From the Iowa Policy Project.

Our 6th edition of The Cost of Living in Iowa finds that roughly 100,000 Iowa working households are unable to make basic needs. [1] Put another way, about 17 percent — or 1 in 6 — households cannot get by on their income alone. It is a critical number that should inform countless public policy discussions for the remainder of 2018 and on into the next legislative session.

Part One of this report details how much working families must earn in order to meet their basic needs, while Part Two estimates the number and proportion of Iowa working households able to earn enough. This latest edition adds new analysis by race, Hispanic origin, and gender.

These pieces provide the foundation for Part Three, which is forthcoming and will connect the dots to further illustrate the importance of public work support programs for many Iowans, who despite their work efforts, are not able to pay for the most basic living expenses.

We construct basic needs budgets that represent what it takes to survive rather than thrive in the state of Iowa. These budgets include allowances for rent, utilities, food prepared at home, child care, health care, transportation, clothing and other household necessities. The basic budget does not include savings, loan payments, education expenses, any entertainment or vacation, social or recreational travel, or meals outside the home.

In Part One, we find statewide that a single parent with two children needs to earn a wage of $23.91 per hour in order to meet basic needs. A two-parent household with one child and one parent working need an hourly wage of $13.29, compared to $16.30 for the same family type with two workers. Differences in cost from one county to another can be dramatic. The total annual basic needs budget for a family with two working parents and two children was $10,600 higher in the highest cost county compared to the lowest cost county. No family type is able to meet basic needs on Iowa’s $7.25 minimum wage.

Part Two uses census data to estimate the number of Iowa working households that are able to meet the basic needs without public assistance. In 2018 we find that 17 percent of households or 227,000 Iowans live below this threshold. [2] Broken down further, fully 62 percent of single-parent working households are unable to meet basic needs. For this family type, there is an average gap of $20,000 between after-tax income and basic needs expenses. A larger share of African American (30 percent), Hispanic (28 percent), and female-headed (19 percent) households are unable to meet basic needs in Iowa.

The cost of living in Iowa continues to rise. Working families and individuals in Iowa must earn substantially above the official poverty threshold — in some cases nearly three times the poverty level — to achieve a very basic standard of living in Iowa without the help of public supports. Part Three of The Cost of Living in Iowa 2018 will show the role of work support programs in bridging this gap.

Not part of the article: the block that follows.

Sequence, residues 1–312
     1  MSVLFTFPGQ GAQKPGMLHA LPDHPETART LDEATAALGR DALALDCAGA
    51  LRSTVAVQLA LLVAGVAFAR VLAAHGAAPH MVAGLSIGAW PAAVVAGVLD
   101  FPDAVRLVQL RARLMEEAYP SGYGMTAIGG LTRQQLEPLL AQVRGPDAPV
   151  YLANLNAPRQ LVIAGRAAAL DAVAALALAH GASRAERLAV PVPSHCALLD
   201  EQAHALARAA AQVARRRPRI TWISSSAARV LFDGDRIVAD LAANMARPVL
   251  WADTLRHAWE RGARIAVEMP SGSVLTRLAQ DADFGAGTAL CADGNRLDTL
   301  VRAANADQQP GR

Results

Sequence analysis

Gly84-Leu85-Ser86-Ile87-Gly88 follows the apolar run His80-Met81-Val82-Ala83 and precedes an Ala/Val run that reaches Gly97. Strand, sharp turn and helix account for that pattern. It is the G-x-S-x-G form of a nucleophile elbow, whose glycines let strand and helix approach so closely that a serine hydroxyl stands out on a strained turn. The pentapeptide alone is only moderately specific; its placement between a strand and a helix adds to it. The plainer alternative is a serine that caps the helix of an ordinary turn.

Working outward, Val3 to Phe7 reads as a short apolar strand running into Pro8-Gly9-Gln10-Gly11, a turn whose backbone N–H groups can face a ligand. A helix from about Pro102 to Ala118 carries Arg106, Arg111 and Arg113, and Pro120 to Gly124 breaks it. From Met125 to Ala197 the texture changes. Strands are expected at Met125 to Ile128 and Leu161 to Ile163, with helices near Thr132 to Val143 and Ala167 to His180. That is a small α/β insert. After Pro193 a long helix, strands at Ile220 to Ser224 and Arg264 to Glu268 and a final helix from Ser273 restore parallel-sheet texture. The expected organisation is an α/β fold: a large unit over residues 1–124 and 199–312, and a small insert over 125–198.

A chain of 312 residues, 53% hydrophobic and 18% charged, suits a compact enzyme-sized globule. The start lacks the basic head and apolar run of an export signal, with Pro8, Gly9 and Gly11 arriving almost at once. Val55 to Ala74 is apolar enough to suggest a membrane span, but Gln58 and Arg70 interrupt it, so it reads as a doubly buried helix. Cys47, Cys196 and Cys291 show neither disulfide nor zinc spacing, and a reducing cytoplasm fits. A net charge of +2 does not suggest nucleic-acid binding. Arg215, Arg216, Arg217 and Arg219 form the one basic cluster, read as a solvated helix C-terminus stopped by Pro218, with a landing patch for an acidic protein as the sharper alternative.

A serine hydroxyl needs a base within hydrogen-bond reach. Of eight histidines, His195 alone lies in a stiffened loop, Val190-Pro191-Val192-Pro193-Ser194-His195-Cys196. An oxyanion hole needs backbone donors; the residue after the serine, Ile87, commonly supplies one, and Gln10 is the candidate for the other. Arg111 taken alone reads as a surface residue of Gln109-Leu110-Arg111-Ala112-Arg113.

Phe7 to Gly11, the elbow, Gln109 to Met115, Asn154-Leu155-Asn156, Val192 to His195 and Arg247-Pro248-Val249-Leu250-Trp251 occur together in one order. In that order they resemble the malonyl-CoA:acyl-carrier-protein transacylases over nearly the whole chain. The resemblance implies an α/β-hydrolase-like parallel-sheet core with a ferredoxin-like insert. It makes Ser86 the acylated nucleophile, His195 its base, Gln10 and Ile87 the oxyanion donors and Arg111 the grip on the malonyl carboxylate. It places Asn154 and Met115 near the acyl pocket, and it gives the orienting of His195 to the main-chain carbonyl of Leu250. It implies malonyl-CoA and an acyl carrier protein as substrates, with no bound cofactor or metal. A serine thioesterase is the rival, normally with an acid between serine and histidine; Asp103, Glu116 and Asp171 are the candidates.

By Natalie Veldhouse
Research associate for the nonpartisan Iowa Policy Project
Reprint from Iowa Policy Project
Posted 8/7/18

2 thoughts on “About 100,000 Iowa Households Can’t Meet Basic Needs

  1. Two things, Ms Veldhouse (and I’m probably misreading – I’ll blame on my meds!) –
    1. It seems really counterintuitive that, in your text example, a one worker/one child married family would need a LOWER wage ($13.29) than the same family with TWO workers ($16.30) Child care, it seems would not explain why the two-worker family would require more than double the wage of a one-child family.
    I think that your numbers in the body of this article do not match the graph. That same $16.30 ($16.43?) is assigned to the married, one child, one worker, and the $13.29 is assigned to two children, one worker. The one child, two workers category is, on the graph, assigned $14.26. And again there is the problem (I don’t know; even if it IS counterintuitive, maybe it is accurate) that a one worker, two child family requires a smaller wage than the one worker, one child family.
    That aside, this is worry-making, and it’s only going to get worse while the current administration hold the reins of power in this state.
    Thanks for this, Ms Veldhouse.

  2. I’ll have to read and digest the three part report for a full understanding . However at face value of what is written in this article I would say that raising the minimum wage to at least fifteen dollars would markedly reduce the number of people needing any kind of assistance if not needing it at all . This would decrease the cost for the state agencies providing assistance shifting the responsibility to employers instead of the general public subsidizing the employers and their employees, period !!!!!!!!!

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